This Umayyad mosque, in the heart of the old city of Aleppo, was founded in 715, ten years after the Umayyad Mosque of Damascus. The mosque's site reveals a richly layered history, highlights are found in its function as a Roman temple and then a Byzantine church. Throughout its history the building has endured multiple adaptations and reconstructions in response to natural disasters-earthquakes and fire-and to modify its use, resulting in the development of its surroundings. In contrast to the comparably intact Umayyad mosque of Damascus, the Great Mosque of Aleppo bears little resemblance to its original form; rather it is a structure of fragments that map the city's varied histories.
The oldest part of the mosque is the prominent and noteworthy square 45 meter minaret. The minaret's earliest restoration dates to 1090 during the Seljuk dynasty. The minaret boasts intricate bands of carved Kufic inscriptions along its length that alternate with bands of stylized ornaments in patterns and muqarnas.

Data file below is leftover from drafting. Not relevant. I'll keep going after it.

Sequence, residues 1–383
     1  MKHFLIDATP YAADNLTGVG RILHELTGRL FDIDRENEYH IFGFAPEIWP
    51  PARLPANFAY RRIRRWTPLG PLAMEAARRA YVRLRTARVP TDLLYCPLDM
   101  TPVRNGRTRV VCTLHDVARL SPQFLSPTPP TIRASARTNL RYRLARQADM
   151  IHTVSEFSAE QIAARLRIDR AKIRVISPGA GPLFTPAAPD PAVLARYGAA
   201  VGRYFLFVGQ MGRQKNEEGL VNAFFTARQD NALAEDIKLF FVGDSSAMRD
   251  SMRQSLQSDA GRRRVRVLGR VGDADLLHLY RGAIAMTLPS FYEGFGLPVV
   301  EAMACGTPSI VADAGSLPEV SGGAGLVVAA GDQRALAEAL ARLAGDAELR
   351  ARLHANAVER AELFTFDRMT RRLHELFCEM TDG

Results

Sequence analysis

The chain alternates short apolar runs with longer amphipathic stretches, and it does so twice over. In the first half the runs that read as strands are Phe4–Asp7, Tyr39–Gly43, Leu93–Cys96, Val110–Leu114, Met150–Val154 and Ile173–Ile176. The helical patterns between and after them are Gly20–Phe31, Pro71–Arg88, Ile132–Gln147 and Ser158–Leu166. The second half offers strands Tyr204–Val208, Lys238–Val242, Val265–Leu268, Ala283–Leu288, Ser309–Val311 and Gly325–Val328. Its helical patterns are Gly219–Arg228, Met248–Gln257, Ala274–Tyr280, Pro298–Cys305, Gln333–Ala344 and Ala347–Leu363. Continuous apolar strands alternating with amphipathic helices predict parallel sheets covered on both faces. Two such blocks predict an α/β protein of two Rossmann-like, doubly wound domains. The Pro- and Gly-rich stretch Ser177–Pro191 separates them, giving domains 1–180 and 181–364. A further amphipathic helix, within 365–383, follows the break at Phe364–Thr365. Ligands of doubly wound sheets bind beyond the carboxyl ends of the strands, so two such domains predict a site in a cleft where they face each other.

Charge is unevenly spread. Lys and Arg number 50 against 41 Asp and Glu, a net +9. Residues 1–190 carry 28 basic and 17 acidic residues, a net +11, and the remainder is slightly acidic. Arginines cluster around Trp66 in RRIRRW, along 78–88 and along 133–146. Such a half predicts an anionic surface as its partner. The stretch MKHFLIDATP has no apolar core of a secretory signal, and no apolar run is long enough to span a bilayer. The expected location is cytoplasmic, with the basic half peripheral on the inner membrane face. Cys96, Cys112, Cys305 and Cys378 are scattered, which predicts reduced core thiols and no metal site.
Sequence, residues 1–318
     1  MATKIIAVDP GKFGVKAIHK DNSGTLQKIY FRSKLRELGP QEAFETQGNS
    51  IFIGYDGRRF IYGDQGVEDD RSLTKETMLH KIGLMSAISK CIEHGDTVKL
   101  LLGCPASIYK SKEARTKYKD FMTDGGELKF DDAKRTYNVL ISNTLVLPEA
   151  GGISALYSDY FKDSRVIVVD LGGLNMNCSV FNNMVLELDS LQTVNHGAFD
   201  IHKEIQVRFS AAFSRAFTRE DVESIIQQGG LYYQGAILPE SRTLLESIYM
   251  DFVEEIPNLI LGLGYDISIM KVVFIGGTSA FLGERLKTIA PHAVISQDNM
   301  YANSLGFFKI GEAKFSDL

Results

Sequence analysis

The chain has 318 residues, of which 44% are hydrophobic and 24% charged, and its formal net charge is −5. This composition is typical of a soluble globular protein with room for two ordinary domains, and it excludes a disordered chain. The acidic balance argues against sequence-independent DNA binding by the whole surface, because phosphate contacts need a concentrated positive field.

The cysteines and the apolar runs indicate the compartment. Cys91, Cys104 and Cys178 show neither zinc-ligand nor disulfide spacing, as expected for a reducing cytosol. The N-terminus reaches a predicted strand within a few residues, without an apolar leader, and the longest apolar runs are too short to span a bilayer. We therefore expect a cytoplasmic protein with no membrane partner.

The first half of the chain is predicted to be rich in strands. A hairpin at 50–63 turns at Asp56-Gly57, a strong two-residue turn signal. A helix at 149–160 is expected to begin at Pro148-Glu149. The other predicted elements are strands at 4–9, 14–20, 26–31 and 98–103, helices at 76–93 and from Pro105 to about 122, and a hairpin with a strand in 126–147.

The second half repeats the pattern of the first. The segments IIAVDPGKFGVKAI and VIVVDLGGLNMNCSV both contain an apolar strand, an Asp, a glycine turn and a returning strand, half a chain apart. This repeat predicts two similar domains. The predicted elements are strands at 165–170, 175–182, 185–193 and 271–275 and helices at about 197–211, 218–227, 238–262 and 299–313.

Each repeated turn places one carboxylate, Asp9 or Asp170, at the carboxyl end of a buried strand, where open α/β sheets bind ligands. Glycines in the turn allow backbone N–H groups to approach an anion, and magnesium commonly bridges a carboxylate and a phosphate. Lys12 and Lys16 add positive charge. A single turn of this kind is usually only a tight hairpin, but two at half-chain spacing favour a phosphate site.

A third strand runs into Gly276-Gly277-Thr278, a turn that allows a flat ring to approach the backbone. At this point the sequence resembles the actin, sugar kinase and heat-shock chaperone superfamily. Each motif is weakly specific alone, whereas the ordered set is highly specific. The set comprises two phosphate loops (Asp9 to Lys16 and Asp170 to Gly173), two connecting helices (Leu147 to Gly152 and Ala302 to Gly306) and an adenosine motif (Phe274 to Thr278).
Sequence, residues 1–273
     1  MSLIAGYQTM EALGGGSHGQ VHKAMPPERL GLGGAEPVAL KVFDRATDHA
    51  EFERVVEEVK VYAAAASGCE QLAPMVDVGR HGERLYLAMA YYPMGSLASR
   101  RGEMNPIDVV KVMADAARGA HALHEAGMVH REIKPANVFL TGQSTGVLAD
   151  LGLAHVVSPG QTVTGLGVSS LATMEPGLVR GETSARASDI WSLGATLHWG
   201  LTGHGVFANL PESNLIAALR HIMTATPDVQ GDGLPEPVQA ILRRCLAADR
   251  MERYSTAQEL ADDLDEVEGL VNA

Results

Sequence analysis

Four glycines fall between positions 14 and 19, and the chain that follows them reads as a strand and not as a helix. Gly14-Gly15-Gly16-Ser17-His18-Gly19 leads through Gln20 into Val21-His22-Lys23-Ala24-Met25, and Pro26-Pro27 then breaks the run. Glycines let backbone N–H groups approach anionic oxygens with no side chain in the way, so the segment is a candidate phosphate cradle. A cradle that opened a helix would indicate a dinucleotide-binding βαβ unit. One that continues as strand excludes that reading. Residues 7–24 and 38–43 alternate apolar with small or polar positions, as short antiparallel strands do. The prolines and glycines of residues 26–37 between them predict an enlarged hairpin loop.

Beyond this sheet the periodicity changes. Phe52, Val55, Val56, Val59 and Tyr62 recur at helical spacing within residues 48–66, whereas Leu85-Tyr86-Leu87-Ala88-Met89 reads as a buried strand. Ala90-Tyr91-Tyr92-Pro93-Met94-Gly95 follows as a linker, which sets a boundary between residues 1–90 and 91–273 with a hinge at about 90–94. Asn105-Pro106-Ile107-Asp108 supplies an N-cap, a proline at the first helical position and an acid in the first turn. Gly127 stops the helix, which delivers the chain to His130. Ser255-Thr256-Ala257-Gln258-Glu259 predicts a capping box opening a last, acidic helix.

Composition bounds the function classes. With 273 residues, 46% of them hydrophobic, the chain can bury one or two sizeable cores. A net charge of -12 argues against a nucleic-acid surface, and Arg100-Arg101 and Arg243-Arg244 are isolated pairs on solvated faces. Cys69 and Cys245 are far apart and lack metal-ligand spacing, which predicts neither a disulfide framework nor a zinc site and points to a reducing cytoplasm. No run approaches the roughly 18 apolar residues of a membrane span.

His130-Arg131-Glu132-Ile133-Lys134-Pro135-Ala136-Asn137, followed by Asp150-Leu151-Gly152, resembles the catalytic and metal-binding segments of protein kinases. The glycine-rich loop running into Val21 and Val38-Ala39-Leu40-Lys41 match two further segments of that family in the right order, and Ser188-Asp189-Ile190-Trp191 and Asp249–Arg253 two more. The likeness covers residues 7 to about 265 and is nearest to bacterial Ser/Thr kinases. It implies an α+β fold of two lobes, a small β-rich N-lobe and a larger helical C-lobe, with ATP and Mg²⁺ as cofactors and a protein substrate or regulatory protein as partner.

The Ayyubids also contributed a major reconstruction in 1159 after a fire, and the mosque was destroyed yet again during the Mongol invasion of 1260.
The mosque is arranged around a vast courtyard that connects to different areas of the mosque that are placed behind the colonnaded arcade. The courtyard is famous for its black and white stone pavement that forms complex geometric patterns. The courtyard holds the two ablutions fountains.
The main prayer hall holds the key elements of the mosque: the shrine of Zachariah (father of John the Baptist), a fifteenth century minbar, and an elaborately carved mihrab. This large prayer hall originally had a basic straight rooftop with a central dome but was replaced by the Mamluks with an intricate cross-vaulted system with arches and a small dome over the arcades. The mosque has recently (2003) undergone a renovation, during this project the courtyard and the minaret were attended to.
Allen, Terry. 2003. "Great Mosque of Aleppo". In Ayyubid Architecture. Occidental, CA: Solipsist Press. http://www.sonic.net/~tallen/palmtree/ayyarch/ch2.htm#alep.gm [Accessed August 2, 2005]
Burns, Ross. 1992. Monuments of Syria. London: I.B. Tauris & Co Ltd., 34-35.
Ball, Warwick. 1994. Syria A Historical and Architectural Guide. New York: Interlink Books, 133.
Rihawi, Abdul Qader. 1979. Arabic Islamic Architecture: Its Characteristics and Traces in Syria. Damascus: Publications of the Ministry of Culture and National Leadership.104.